Academics associated with the University of Chicago, including Mr. Posner and Mr. Bork, built a case for sharply limiting antitrust enforcement during the 1970s. Their ideas began to take hold even before they were put on the bench. The Supreme Court issued one of its first rulings limiting the scope of antitrust enforcement in a 1977 case, Continental T.V. v. GTE Sylvania. Justice Lewis Powell Jr., who wrote the decision, left a scribbled record of his intellectual debts in the margin of a case memo. It read, “Posner, Baxter, Bork.”

Baxter was William Baxter, a Stanford law professor whom Mr. Reagan installed as the head of the antitrust division at the Justice Department. Mr. Posner and Mr. Bork ended up on appeals courts, where they became influential interpreters of antitrust law. Other important Reagan picks included Frank Easterbrook, a law professor at the University of Chicago; Douglas Ginsburg, a Harvard Law professor with a distaste for regulation; and, a few years later, Justice Scalia, whose opposition to antitrust enforcement is perhaps best illustrated by a case he did not decide. Shortly after his unexpected death in 2016, Dow Chemical said it would pay $835 million to settle an antitrust case that had been about to come before the court. With Mr. Scalia gone, Dow could no longer rely on a favorable outcome.

On the bench, these men and their allies replaced a broad effort to check corporate power with a narrow focus on consumer welfare. Pretty much anything that didn’t raise prices was OK. The courts also made it increasingly difficult for the government to win. Perhaps the last merger raised prices, but who could be sure about this one?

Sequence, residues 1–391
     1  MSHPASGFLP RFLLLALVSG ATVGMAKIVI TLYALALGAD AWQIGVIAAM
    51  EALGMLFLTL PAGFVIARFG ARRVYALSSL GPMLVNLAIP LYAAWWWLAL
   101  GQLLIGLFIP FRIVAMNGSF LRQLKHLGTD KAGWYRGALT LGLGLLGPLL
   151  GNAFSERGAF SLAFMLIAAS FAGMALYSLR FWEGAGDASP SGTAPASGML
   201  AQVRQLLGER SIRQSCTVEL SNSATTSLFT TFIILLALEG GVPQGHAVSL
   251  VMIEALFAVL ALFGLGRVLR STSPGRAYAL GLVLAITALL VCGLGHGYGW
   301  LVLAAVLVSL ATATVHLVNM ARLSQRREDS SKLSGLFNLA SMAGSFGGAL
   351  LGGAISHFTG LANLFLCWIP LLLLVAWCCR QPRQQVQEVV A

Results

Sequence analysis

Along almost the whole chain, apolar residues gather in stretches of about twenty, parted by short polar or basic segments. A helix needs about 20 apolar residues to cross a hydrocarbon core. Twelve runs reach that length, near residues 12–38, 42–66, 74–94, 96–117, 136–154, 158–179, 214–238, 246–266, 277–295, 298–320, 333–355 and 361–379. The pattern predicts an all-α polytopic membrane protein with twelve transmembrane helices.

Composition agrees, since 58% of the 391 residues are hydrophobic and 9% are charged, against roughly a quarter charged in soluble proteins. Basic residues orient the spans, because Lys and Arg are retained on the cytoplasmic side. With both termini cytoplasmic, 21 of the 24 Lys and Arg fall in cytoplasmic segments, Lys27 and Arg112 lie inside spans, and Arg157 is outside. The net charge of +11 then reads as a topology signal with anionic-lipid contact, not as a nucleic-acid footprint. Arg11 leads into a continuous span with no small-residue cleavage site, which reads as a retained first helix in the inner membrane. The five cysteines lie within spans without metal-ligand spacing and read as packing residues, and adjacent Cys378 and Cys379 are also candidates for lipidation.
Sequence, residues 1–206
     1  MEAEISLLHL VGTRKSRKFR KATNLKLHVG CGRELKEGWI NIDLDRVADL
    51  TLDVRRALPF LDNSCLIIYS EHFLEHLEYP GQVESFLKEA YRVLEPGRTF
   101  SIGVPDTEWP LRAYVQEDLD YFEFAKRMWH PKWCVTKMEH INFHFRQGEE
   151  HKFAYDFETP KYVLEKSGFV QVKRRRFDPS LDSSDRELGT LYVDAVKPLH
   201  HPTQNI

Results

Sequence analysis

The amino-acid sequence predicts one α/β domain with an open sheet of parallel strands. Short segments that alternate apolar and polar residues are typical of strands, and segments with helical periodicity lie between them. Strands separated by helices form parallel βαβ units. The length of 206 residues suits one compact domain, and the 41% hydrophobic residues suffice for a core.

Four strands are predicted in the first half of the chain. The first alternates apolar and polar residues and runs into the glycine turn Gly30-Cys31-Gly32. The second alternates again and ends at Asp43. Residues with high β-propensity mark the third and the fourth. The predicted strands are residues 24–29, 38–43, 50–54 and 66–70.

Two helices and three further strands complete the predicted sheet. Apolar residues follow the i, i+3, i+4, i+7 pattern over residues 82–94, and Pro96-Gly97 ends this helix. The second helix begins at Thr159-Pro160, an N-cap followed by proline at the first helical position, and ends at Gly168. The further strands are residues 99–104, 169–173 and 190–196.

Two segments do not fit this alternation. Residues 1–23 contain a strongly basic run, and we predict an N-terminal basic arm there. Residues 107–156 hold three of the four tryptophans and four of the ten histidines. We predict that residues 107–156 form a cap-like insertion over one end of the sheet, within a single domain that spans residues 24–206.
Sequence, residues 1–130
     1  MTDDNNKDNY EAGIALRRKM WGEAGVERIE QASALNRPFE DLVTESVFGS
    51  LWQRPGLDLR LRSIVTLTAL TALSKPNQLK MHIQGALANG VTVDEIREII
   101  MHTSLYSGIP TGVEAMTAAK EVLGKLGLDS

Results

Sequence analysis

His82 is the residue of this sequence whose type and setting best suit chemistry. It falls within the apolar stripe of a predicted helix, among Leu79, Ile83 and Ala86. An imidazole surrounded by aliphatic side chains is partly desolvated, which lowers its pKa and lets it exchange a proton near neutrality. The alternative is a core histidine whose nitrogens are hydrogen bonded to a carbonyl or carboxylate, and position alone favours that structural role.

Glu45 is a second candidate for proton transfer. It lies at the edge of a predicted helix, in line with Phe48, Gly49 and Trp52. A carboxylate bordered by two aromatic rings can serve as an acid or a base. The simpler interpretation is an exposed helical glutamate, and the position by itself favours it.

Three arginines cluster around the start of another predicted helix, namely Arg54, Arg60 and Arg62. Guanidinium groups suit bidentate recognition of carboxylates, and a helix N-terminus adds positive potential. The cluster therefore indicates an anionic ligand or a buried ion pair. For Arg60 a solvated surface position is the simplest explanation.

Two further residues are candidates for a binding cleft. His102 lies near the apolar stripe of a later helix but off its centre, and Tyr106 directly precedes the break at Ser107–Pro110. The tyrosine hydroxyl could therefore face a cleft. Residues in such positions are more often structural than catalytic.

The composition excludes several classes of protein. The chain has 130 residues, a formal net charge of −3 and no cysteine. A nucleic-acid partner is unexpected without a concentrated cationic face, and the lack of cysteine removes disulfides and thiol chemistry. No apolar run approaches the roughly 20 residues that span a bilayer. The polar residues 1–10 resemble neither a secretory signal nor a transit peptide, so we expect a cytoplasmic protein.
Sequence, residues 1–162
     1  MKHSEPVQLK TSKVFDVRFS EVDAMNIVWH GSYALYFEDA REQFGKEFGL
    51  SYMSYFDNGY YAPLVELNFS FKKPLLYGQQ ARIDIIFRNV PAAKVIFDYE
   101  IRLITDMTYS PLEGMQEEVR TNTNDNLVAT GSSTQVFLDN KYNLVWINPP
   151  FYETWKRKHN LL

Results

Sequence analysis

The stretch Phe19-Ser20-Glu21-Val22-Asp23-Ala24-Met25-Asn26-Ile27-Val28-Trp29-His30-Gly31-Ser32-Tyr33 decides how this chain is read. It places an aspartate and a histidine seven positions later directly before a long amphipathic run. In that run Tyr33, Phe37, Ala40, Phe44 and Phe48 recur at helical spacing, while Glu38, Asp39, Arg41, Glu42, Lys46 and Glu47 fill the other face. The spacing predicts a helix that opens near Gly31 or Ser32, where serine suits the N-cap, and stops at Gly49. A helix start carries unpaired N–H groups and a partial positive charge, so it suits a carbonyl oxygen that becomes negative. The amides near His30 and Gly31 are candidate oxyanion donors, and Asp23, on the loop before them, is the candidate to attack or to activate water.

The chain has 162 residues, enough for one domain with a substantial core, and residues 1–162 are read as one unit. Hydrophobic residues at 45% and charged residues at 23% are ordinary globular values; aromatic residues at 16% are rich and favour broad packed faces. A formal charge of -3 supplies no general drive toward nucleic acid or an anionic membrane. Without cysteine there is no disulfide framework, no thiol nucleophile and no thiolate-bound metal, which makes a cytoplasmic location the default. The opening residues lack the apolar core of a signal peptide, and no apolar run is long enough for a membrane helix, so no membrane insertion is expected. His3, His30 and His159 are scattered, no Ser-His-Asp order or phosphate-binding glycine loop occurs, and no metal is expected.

In 2017, Mr. Posner, addressing an antitrust conference at the University of Chicago, puckishly asked the audience, “Antitrust is dead, isn’t it?”

The conservative jurists received important support from centrist and liberal justices who took a jaded view of the broad goals of the nation’s antitrust laws and saw enforcement efforts as inconsistent and even counterproductive.

What they left standing has proved woefully inadequate. The rise of corporate concentration is harming consumers, suppliers, employees — and democracy itself.

Restocking the courts is only a part of the solution, and it is a long-term project. Antitrust cases brought by the Biden administration will be adjudicated mostly by judges appointed by Mr. Biden’s predecessors. Eighteen federal judges named by Mr. Reagan are still serving.



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